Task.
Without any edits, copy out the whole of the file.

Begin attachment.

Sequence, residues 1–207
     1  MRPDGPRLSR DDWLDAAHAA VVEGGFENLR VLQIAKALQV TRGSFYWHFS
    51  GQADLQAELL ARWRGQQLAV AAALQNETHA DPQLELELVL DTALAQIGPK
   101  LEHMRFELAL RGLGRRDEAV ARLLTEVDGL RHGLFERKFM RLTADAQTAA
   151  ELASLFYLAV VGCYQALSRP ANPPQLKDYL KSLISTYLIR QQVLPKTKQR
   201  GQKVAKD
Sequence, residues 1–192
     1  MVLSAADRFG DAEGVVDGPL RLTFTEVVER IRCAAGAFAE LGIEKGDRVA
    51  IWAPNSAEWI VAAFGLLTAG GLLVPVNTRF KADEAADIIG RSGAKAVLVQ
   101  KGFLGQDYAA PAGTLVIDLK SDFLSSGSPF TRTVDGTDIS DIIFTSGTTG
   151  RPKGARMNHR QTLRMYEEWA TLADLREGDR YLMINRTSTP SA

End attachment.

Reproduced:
Sequence, residues 1–207
     1  MRPDGPRLSR DDWLDAAHAA VVEGGFENLR VLQIAKALQV TRGSFYWHFS
    51  GQADLQAELL ARWRGQQLAV AAALQNETHA DPQLELELVL DTALAQIGPK
   101  LEHMRFELAL RGLGRRDEAV ARLLTEVDGL RHGLFERKFM RLTADAQTAA
   151  ELASLFYLAV VGCYQALSRP ANPPQLKDYL KSLISTYLIR QQVLPKTKQR
   201  GQKVAKD
Sequence, residues 1–192
     1  MVLSAADRFG DAEGVVDGPL RLTFTEVVER IRCAAGAFAE LGIEKGDRVA
    51  IWAPNSAEWI VAAFGLLTAG GLLVPVNTRF KADEAADIIG RSGAKAVLVQ
   101  KGFLGQDYAA PAGTLVIDLK SDFLSSGSPF TRTVDGTDIS DIIFTSGTTG
   151  RPKGARMNHR QTLRMYEEWA TLADLREGDR YLMINRTSTP SA